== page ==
Email is huge. As marketers we say it’s the most powerful channel and there are plenty of numbers out there to back this claim up. However, it’s only the most rewarding channel because it’s embraced so heavily by everyone. How many people don’t have a single email address? How many people have more than one?
What’s more, email plays an important role in business and in the B2B marketplace – so much so that it’s not unusual to receive an email from someone sitting in the same office as you – sometimes they’re even sitting next to you (I admit it, I’ve done it a few times). There are many benefits to email over other forms of communication – it’s free, it’s (practically) instantaneous and you can keep a record of what you’ve sent and received – so you can understand why it’s so widely adopted.
From a marketer’s perspective it’s incredible because it’s so measurable. Clicks, open rates, conversion are all easily monitored and tinkered with. It means we know what levers we’re pulling and what those levers do.
So yes, email’s pretty successful and it’s here to stay. However, it’s difficult to claim that without Ray Tomlinson’s efforts email would not exist. With the advent of the internet (Ray’s original e-mail was based on ARPANET, the internet’s kind-of predecessor) similar forms of communication would have quickly developed – the potential is obvious.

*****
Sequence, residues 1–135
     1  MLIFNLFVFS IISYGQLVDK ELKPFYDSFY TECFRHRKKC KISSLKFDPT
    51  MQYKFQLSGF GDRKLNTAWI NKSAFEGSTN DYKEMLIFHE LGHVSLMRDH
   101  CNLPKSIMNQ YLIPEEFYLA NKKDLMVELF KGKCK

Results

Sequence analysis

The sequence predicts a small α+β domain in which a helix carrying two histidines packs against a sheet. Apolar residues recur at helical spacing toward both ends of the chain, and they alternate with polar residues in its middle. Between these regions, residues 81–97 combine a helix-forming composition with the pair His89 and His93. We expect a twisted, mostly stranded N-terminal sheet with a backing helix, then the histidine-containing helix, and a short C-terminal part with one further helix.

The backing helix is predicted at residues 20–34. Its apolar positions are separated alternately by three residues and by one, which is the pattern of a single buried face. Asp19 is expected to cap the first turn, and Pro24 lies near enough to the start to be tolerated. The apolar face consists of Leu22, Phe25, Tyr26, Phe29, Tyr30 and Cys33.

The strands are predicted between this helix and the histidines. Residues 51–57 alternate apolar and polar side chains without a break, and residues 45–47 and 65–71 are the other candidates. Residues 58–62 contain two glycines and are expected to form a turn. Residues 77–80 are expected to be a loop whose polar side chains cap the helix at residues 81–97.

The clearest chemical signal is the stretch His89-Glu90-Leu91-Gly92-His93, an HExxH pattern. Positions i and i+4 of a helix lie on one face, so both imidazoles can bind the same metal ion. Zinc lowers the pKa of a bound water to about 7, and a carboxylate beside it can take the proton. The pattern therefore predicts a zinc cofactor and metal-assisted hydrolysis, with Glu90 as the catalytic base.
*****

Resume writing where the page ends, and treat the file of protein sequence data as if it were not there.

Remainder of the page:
No, Ray Tomlinson’s legacy isn’t instantaneous electronic communication as a whole. Ray’s legacy is having such an integral part in shaping the nuances and characteristics of the email that we all know and love.
e-mail on ARPANET
Up until the early 70s you could only send ‘mail’ to users on the same machine but the development of ARPANET by the US Government changed things.
So it was that in 1971 a 25-year-old software engineer called Ray Tomlinson implemented a system that allowed messages to be sent between different users on different computers. The first e-mail was sent (note the hyphen) on two Digital PDP-10 computers, standing side by side.
It was called e-mail (note the hyphen) and Ray used the (until then barely used) ‘@’ symbol to indicate that the recipient was at a different location than where the message came from. In that way the e-mails used a person’s name, then @, followed by the computer they were sitting at.
The email address was born.
I don’t think that at that point he could have conceived how much impact his work would have. In that one move he plucked the lowly @ symbol from obscurity and thrust it into the mainstream.
What’s astonishing is that Ray did it as a side project and because he didn’t think what he was doing was particularly momentous, years later he couldn’t remember the content of his first successful test email.
Of course from that point email went from strength until it became the goliath of communication it is today.
For anyone interested I’ve pulled together a short timeline of key events in the history of email.
|1971 – first e-mail sent on ARPANET system|
|1977 – RFC 733 proposed as a format for sending email|